I went on my first diet at nine. Thanks to my early foray into healthy living, I can still recite how many calories a Snickers Bar has compared to two slices of wheat toast with peanut butter. Remembering the content on food labels is a scary, Rain Man-like syndrome I'll never shake. I honestly think the reason why I love going to bin candy stores is the fact that there are no labels to interupt my actions. For $10, I have a bag of unknown calories and thus mission oral fixation accomplished. If I eat three candy bars, I know very well what I'm doing is wrong. Innocence is bliss, no?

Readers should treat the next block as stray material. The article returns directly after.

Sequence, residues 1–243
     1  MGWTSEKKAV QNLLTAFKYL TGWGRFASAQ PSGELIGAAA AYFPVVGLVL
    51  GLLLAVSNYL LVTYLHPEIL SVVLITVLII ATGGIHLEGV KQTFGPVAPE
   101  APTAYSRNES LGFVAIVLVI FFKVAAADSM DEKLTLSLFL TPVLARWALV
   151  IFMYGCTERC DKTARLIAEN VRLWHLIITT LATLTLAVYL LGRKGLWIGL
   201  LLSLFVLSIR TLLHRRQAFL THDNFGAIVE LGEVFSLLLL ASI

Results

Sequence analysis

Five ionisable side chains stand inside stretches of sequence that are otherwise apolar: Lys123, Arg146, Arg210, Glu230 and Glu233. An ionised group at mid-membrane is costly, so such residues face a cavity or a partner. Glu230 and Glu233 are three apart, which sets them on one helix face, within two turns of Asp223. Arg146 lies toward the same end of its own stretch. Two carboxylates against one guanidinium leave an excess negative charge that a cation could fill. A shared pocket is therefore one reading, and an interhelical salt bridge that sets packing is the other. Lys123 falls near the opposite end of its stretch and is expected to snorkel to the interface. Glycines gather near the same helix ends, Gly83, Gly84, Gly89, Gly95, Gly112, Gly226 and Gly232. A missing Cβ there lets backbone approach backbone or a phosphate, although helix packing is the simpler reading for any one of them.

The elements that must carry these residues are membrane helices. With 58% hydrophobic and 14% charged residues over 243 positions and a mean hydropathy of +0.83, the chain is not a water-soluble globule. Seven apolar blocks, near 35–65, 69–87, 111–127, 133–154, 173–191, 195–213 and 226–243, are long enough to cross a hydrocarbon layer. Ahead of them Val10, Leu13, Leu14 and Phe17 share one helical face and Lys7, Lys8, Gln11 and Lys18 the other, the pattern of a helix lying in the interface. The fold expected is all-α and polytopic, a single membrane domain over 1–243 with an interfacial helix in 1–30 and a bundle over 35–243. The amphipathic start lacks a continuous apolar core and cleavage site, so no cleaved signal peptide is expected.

Maggie Vink at That's Fit wrote, "Does Nutrition Information Change Your Order?" When she substituted vegetables for fries at a restaurant, Vink thought she ordered a healthy meal. But when she got home and looked up the calorie content online, she realized she had just consumed 1,000 calories in one meal! Now she makes a point of checking the nutrition information when it's listed on restaurant menus or on health websites before she decides what goes into her mouth and what stays in her head.
Does reading the nutrition information influence what you consume? How so?